TMI publication suspension: Could paywalls have saved the day?

In a statement to A+M, editor and CEO of The Malaysian Insight (TMI) Jahabar Sadiq, who recently announced plans to cease publication this week, said that its staff members will remain on payroll as it recalibrates the news portal for a sustainable future. He added that revenue was impacted as TMI had yet to implement a paywall.

TMI unveiled plans to cease publication to review its direction, news operations and commercial viability. This was due to a “challenging financial environment” faced by the publication as it missed launching a paywall and its page views traffic did not reach the targeted critical mass.

Prashant Kumar, senior partner of ENTROPIA, said in a statement to A+M that TMI’s situation is unfortunate but not unexpected. While online news offers low barriers of entry, commercial sustainability is the main challenge.

For Kumar, paywalls are necessary to keep online publications afloat, but whether or not a paywall is successful depends on various factors. These include quality and scale of audience, their propensity to pay, how unique and compelling the news portal’s content is, how frequent an average visitor comes to the side and the availability of other supplementary incomes, Kumar said. He added:

Edited news costs money and someone has got to pay for it. Ad dollars just won’t suffice.

He described the competition for consumers’ attention as “crazy”, with content creation getting cheaper and publishing platforms being free. All this while consumers are spending more time reading, listening and watching content today.

“The challenge lies in carefully building scale with a high quality segment, for a well-defined and sufficient role in the reader’s life, in a unique way,” Kumar said. He added that if that can be done, consumers will pay for the content and that it will be easier to get a premium for advertisements.

Also weighing in on the issue is Chanchal Chakrabarty, managing partner Asia Pacific and managing director of Malaysia at MediaCom, who said that revenues from digital advertising is a “fundamental and necessary factor” for journalistic publications, not just in Malaysia but also worldwide.

He added that news sites that stick to pure news or content and are not producing frivolous click generating content to boost their numbers are suffering. Examples of such content include pet videos or cute baby videos.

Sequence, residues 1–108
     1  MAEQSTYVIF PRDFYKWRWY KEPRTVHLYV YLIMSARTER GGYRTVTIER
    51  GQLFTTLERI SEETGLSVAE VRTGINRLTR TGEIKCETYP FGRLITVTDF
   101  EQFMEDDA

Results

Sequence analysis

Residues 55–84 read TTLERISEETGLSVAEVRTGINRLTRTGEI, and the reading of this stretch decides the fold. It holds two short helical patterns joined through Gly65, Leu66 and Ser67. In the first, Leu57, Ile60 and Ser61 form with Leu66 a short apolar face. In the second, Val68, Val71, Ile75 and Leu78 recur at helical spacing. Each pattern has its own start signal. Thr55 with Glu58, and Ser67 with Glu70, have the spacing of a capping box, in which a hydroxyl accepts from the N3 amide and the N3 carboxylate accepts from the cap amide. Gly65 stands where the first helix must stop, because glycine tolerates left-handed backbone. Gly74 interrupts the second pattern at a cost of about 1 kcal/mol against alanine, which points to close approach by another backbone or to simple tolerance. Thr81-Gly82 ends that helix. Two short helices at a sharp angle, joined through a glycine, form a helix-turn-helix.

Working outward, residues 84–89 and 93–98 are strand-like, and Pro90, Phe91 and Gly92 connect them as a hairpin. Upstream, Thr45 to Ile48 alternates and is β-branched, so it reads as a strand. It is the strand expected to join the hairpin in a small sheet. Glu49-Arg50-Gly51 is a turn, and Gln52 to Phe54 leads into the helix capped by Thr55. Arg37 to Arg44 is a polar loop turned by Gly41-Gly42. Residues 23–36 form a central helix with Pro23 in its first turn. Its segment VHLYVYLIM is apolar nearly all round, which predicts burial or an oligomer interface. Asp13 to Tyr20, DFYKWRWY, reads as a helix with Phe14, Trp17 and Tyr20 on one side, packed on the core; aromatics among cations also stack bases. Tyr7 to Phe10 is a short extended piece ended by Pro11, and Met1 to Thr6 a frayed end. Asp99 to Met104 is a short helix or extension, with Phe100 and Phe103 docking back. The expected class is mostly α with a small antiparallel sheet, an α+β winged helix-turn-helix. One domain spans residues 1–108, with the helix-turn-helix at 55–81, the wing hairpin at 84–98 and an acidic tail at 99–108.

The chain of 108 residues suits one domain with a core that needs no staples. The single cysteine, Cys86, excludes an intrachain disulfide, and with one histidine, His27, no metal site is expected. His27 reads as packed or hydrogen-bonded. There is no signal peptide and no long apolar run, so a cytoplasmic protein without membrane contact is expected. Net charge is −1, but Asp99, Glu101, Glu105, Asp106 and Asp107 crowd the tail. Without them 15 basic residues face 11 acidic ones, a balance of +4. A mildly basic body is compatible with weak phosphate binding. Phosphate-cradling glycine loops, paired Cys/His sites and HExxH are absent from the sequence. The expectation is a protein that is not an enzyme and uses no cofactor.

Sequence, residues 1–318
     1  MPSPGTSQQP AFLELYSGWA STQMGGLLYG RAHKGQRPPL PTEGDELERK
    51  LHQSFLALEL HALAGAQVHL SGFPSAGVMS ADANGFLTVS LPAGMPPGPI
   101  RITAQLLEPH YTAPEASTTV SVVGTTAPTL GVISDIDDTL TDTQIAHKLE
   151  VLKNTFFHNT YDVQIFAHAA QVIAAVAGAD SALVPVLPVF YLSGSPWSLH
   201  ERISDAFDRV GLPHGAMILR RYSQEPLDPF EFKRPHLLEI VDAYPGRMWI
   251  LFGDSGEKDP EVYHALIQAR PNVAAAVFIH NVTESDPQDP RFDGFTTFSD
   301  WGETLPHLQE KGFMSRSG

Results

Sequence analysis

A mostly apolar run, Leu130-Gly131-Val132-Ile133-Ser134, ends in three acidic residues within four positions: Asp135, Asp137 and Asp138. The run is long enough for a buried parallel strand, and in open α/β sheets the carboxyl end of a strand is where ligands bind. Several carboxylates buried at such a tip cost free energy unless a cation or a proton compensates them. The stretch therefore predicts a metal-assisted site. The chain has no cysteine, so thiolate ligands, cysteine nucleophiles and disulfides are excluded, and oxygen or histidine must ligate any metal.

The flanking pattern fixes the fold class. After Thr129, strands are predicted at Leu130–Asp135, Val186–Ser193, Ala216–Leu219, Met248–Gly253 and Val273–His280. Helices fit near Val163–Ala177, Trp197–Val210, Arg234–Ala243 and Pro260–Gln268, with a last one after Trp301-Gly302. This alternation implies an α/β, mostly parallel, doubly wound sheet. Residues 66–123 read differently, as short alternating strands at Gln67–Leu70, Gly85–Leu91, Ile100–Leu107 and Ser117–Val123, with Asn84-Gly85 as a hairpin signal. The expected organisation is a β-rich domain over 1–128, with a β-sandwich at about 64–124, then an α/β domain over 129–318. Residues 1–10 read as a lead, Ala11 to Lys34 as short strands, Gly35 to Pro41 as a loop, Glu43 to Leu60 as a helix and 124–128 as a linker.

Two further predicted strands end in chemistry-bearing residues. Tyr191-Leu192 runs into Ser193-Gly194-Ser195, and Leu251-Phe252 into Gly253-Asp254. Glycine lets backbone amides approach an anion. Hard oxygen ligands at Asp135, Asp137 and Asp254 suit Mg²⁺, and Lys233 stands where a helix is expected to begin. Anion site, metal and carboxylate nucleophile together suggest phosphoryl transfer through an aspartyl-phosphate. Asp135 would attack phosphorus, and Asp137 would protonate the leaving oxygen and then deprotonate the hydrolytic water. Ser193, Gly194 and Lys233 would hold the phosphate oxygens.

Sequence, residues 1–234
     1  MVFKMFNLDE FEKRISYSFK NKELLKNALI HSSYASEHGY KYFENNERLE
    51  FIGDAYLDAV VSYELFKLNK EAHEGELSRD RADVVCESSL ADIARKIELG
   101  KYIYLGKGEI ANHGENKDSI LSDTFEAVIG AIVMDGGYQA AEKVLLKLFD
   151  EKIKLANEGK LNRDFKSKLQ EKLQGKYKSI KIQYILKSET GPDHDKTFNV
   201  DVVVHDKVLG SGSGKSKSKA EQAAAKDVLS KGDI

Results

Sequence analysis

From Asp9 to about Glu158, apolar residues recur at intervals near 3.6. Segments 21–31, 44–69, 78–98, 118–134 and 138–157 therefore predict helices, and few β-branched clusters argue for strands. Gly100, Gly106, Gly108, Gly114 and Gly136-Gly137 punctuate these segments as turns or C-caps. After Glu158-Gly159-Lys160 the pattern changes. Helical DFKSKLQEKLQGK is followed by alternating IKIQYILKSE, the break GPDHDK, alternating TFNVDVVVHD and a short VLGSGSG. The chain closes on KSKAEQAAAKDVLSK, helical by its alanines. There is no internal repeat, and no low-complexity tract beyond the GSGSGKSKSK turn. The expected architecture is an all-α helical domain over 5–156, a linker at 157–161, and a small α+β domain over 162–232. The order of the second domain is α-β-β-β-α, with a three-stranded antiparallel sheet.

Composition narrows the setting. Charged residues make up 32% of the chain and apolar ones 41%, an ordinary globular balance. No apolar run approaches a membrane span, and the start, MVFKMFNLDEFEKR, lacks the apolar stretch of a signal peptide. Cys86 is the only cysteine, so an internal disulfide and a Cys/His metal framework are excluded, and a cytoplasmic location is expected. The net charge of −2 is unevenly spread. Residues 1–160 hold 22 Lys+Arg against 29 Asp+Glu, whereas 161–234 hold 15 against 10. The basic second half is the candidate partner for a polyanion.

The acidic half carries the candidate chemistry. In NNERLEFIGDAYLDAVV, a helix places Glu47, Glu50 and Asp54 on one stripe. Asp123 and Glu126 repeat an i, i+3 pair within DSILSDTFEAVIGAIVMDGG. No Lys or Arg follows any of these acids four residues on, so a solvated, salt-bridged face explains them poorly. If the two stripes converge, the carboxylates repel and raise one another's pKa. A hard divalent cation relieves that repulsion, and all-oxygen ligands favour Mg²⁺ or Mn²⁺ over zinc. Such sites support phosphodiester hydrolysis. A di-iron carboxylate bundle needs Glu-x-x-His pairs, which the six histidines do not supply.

“The flip side however is that those anchoring on frivolous content are bound to lose serious audience and would have the floating non-loyal audience looking for lean back entertainment,” Chakrabarty said.

Chakrabarty said one potential way for online news publications to sustain themselves is to leverage their credibility and establish themselves to the advertisers as a credible key opinion leader, and gain influencer campaigns which are and would continue to gain advertising dollars.

Agreeing with Chakrabarty is Karan Tyagi, GM, Carat Malaysia, who said that while most content nowadays is free, having strong, relevant, insightful, exclusive and original content will convince consumers to consider paying for it at the right pricing.

However, he said that having a paywall is not the one and only solution to keeping online publications afloat. It is crucial to have other components in place, such as advertising, data management, and very importantly, content. All these need to work in sync.

One way to attract advertisers is having the right audience traffic to the news site. He said:

Advertisers buy audiences these days, and for that to happen, you need relevant content.

Traffic to the online news sites also mean that the company has valuable cookie or audience data, which is highly suitable for programmatic buys that generate high profitability. The recent formation of the Malaysia Premium Publishers Marketplace, Tyagi said, is once such example of having key news portals come together to offer advertisers premium inventory.

“Relevant traffic on a news portal make inventory premium,” he added.

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